Starbucks kicks AT&T to the curb and chooses Google to provide free Wi-Fi at its 7,000 U.S. stores; Google promises speeds up to 10 times faster.
10 Tablet Battery Tips: More Power
(click image for larger view)
Internet access at coffee shops has become a staple of the mobile professional's life. Starbucks and other companies have stepped up to provide free access to Wi-Fi in their shops. Whether they need a quick pit stop between meetings or a temporary office for half a day, many professionals depend on Wi-Fi at Starbucks to get some work done.
According to Google, that Wi-Fi service is about to get a whole lot faster.
Google will replace AT&T's Wi-Fi network with its own at more than 7,000 Starbucks locations around the U.S., Google announced Wednesday. The process will take about 18 months and will kick off next month. Once the changeover is complete, Google says Starbucks customers should see Wi-Fi speeds that are up to 10 times faster than they are today. In markets that have access to Google fiber, Wi-Fi speeds at Starbucks may be up to 100 times faster.
AT&T has provided Starbucks stores with Wi-Fi for years. Though AT&T's Wi-Fi network is nearly ubiquitous, it is sometimes shaky and unreliable in some locations. AT&T went to great lengths over the year to make sure its smartphone and tablet customers had easy access to that Wi-Fi network. Though it initially required users to have an AT&T smartphone plan to get free access to the Wi-Fi, it eventually opened the service up to everyone.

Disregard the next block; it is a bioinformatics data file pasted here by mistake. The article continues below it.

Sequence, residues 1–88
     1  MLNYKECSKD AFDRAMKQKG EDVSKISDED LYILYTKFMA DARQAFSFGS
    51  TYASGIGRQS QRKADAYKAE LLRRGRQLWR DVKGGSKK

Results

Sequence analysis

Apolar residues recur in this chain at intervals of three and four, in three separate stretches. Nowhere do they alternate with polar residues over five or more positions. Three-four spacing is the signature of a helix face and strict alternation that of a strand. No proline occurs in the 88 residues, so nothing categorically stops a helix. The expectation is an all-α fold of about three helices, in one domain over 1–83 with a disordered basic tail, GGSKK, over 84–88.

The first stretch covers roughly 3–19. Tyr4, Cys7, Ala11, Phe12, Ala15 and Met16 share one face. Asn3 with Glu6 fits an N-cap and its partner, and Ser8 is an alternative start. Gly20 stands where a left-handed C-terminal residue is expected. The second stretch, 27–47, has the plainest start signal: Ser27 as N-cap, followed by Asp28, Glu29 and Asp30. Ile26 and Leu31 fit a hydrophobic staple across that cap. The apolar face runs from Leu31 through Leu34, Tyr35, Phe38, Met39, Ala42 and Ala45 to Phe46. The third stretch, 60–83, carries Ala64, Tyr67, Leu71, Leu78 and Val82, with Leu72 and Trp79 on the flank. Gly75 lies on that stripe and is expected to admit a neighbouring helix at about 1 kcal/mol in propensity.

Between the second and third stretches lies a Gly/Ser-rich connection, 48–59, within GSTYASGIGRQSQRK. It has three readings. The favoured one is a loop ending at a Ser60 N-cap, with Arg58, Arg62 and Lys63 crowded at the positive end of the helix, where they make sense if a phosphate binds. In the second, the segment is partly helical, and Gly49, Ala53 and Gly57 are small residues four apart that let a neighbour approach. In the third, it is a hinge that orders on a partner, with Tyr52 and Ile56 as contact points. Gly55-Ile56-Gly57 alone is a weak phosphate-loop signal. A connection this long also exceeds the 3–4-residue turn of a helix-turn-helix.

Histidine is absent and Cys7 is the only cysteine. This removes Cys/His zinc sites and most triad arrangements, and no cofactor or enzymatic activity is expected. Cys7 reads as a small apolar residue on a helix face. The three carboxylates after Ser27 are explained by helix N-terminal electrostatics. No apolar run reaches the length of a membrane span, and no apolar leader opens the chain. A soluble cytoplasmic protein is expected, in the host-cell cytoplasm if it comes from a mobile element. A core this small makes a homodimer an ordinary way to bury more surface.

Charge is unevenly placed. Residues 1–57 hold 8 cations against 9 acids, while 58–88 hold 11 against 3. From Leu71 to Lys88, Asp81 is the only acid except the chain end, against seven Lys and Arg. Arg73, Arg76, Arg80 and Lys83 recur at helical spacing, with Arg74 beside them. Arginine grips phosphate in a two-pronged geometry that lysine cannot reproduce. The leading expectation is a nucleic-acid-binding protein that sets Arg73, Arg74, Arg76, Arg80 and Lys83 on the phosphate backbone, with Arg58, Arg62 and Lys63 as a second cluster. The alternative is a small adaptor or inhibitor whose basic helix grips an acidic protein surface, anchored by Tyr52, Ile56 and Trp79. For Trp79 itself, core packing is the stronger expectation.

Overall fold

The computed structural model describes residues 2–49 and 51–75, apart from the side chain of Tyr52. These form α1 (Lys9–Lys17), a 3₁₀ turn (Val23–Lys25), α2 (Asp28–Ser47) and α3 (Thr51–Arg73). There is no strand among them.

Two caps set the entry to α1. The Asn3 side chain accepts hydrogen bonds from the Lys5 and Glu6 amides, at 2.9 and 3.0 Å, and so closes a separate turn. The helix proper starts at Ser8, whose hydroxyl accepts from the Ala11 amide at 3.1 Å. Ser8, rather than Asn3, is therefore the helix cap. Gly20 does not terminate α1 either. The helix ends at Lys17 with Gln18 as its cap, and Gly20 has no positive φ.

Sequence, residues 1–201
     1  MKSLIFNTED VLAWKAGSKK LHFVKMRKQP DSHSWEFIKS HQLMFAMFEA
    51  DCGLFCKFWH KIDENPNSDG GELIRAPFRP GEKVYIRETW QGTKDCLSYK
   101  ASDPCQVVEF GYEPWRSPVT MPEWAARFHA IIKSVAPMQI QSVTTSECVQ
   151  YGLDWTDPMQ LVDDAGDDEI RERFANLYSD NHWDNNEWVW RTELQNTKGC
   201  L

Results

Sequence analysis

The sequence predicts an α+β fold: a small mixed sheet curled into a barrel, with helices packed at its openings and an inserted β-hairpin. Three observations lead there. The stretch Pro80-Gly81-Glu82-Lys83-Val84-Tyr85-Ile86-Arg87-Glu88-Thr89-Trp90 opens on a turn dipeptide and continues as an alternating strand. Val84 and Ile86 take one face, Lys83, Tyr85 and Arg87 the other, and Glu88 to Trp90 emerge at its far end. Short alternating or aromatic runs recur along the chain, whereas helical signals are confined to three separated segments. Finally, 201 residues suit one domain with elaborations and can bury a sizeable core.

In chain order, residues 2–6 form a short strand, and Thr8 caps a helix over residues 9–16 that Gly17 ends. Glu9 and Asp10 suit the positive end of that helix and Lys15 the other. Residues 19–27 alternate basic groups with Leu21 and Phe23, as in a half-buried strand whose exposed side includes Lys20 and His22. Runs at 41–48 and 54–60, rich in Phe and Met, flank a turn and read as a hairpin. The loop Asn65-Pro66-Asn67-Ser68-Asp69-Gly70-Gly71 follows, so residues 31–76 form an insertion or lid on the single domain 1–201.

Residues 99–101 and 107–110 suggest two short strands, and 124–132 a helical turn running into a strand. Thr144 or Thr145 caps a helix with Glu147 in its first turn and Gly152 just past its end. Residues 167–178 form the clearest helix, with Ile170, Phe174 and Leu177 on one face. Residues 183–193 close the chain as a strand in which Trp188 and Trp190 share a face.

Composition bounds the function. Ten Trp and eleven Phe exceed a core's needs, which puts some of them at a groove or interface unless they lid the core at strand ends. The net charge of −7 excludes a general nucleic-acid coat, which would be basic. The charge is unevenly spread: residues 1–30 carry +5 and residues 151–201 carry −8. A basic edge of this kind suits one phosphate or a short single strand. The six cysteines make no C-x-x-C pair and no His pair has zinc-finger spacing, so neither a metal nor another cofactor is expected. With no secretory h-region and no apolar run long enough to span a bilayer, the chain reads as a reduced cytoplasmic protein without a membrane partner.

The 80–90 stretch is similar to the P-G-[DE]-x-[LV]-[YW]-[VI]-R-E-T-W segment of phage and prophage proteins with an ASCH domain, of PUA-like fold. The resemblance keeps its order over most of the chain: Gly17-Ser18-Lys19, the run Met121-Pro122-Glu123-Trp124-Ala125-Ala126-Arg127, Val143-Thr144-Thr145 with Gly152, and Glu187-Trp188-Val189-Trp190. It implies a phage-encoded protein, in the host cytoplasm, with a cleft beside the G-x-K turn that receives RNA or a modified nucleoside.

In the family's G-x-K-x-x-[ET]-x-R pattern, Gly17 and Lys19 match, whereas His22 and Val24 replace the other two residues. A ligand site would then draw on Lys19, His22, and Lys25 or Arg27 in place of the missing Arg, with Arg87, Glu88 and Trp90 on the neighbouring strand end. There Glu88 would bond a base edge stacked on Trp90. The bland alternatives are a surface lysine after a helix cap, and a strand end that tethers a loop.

Reached for comment, AT&T said, "Starbucks continues to be an important customer for us and we continue to provide them with a variety of services over AT&T's advanced networks, including the nation's fastest, most reliable 4G LTE network."
AT&T couldn't say how its own customers will be affected by the change in wireless providers, as it does not know the mechanics behind the agreement between Google and Starbucks. It also had no word on why Starbucks picked Google over AT&T.
"While you'd have to ask Starbucks for any reasoning behind their decision, in our proposal we also offered up to 10 times faster network and Wi-Fi speeds, so the decision must have been based on criteria other than speeds," the company said.
Google recently announced plans to provide free Wi-Fi at a number of San Francisco parks. The Google-provided Wi-Fi at Starbucks will also be free.
"Google has long invested in helping the Internet grow stronger, including projects to make Internet access speedier, more affordable, and more widely available," said the company in a statement. "The free Internet connection at Starbucks has become an important part of many communities over the years, such as in the aftermath of Hurricane Sandy, or for students without Internet at home who do their homework at Starbucks."
Google did not say which communities will see the changeover first, but it noted that the change in SSID will be obvious to Wi-Fi seekers once its Wi-Fi is available in a given Starbucks shop.
InformationWeek Elite 100Our data shows these innovators using digital technology in two key areas: providing better products and cutting costs. Almost half of them expect to introduce a new IT-led product this year, and 46% are using technology to make business processes more efficient.
The UC Infrastructure TrapWorries about subpar networks tanking unified communications programs could be valid: Thirty-one percent of respondents have rolled capabilities out to less than 10% of users vs. 21% delivering UC to 76% or more. Is low uptake a result of strained infrastructures delivering poor performance?
Join us for a roundup of the top stories on InformationWeek.com for the week of December 14, 2014. Be here for the show and for the incredible Friday Afternoon Conversation that runs beside the program.